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Sony's Getting Nervous About Its Excellent PS4 Sales

| 20 Aug 2014 11:51
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Shuhei Yoshida's happy for now, but concerned about the future, and wants to know who's buying Sony's console.

"It's just beyond our imagination," says Sony's Shuhei Yoshida, as he contemplates 10 million PS4 sales in nine months. "We are so happy." But he, and Sony, has a problem; Sony isn't entirely sure who's buying its console. The sales figures are fantastic, but if Sony exhausts the core market this early, it has to wonder where future sales are going to come from. This isn't a problem it wants right now, not when it's just caught up with launch demand.

The funny thing is, says Yoshida, those sales aren't necessarily to core gamers at all. Many of the buyers didn't own a PS3 and are new to the PlayStation network. Others never even owned a console before, whether PS3, Xbox 360 or Wii. "So where did they come from?" asks Yoshida, and it's a question Sony's marketing people are hard at work trying to answer.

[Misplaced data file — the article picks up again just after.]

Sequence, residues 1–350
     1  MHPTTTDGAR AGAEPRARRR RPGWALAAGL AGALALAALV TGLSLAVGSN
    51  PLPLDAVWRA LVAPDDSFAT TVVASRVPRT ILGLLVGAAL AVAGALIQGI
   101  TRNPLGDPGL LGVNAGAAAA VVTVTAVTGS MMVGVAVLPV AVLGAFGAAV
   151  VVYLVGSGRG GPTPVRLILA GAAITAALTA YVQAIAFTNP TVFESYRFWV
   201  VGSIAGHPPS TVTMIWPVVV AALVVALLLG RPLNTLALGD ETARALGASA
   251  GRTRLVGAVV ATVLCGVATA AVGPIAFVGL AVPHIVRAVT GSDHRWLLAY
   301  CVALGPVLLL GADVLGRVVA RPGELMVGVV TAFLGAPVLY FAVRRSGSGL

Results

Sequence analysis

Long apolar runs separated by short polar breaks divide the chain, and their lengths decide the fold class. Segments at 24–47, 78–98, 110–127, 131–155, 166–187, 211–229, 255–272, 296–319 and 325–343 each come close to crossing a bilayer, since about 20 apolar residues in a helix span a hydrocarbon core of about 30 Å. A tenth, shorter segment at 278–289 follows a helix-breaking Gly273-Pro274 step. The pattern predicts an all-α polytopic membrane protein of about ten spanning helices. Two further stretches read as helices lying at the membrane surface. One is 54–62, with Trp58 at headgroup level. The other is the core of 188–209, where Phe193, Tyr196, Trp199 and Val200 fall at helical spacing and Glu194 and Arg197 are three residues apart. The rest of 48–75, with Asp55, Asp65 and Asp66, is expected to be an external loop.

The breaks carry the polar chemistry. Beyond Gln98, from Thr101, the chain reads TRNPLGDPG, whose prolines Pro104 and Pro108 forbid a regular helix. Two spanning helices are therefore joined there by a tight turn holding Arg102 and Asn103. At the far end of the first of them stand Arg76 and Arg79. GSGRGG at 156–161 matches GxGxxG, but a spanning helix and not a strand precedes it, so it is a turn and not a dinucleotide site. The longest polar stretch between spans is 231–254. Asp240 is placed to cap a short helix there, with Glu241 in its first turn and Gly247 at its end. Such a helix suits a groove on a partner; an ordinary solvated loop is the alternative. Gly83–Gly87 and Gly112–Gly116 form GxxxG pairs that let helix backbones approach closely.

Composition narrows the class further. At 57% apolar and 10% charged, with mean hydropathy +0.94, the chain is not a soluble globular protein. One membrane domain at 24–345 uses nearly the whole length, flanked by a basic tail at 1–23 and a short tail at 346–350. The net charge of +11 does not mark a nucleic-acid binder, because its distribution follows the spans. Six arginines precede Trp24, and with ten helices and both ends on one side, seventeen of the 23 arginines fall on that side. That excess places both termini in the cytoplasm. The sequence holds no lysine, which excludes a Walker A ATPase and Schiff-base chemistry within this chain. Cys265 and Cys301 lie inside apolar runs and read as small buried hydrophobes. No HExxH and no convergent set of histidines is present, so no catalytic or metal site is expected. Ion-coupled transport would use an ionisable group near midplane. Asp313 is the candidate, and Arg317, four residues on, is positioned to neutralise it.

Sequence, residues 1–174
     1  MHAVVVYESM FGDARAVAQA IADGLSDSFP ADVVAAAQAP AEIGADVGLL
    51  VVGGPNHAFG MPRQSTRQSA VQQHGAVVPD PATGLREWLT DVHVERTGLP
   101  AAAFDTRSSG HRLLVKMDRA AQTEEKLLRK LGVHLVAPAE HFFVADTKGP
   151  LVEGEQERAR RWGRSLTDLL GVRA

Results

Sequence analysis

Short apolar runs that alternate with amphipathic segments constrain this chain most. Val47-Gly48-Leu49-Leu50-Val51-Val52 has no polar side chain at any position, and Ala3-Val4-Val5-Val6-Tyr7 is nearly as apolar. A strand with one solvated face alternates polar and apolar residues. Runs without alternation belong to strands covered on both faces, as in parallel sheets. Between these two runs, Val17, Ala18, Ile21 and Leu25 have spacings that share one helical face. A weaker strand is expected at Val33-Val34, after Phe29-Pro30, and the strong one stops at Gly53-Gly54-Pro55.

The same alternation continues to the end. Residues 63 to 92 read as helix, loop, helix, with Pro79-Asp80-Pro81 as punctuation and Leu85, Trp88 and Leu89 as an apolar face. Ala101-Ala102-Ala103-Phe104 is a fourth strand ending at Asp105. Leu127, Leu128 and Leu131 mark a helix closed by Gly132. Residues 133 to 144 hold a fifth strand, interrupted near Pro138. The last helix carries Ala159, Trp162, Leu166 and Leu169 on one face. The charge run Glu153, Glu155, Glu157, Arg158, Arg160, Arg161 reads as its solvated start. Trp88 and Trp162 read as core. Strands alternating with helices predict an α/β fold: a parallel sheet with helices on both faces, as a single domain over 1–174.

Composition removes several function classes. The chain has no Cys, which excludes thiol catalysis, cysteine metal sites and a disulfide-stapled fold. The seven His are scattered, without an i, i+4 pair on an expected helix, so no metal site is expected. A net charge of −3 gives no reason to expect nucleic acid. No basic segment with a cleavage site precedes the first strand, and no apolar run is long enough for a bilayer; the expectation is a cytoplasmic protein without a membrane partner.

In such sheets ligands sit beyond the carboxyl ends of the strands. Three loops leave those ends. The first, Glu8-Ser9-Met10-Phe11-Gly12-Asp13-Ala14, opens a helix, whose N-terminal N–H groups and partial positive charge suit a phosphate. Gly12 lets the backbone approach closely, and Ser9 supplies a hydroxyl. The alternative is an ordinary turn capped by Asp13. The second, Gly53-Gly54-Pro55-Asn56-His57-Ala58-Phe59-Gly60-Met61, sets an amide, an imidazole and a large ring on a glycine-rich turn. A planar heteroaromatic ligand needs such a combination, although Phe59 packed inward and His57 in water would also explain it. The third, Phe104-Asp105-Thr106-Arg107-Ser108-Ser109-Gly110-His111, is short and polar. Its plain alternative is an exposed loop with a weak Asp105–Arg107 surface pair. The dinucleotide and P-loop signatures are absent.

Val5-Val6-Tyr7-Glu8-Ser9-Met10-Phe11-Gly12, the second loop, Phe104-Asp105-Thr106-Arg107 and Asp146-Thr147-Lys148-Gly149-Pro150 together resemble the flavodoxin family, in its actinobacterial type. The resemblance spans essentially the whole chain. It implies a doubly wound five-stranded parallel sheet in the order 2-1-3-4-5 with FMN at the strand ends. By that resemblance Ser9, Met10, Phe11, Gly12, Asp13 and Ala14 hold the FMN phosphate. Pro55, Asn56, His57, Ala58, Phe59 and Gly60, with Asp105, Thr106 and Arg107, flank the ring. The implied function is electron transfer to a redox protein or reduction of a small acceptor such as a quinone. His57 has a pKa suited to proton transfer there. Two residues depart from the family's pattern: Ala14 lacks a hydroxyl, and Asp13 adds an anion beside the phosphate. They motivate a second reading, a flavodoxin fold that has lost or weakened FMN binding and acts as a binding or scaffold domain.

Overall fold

"We want to understand who are these consumers who we do not necessarily consider core gamers," says Yoshida, "Who are purchasing PS4, and why they are doing it and what they are doing with PS4, so we can create a bit more of a positive future." Sony wants as wide an audience as possible, better than it had for the PS3, but for that to work, it needs to know what the audience wants.

Is it the new games driving demand? Not quite, Yoshida thinks. Sure, there are titles out now and coming up that have gamers excited, but that doesn't really explain the speed of sales to Yoshida's satisfaction. Maybe tweaks to the firmware are needed, improvements to existing services as well as additional features. Sony likes what it sees, as far as the market's concerned, but it really wants to know what it needs to do to capture that audience and hold it.

After all, "the purchase decision of consoles is a long-term investment," says Yoshida. "It's not like a smartphone where every two years you purchase new hardware. So people hopefully are looking at a bit longer term." Sony is too, and it has a lot at stake. But so far, it has every reason to be happy about the future, even if it doesn't understand it yet.

Source: Eurogamer

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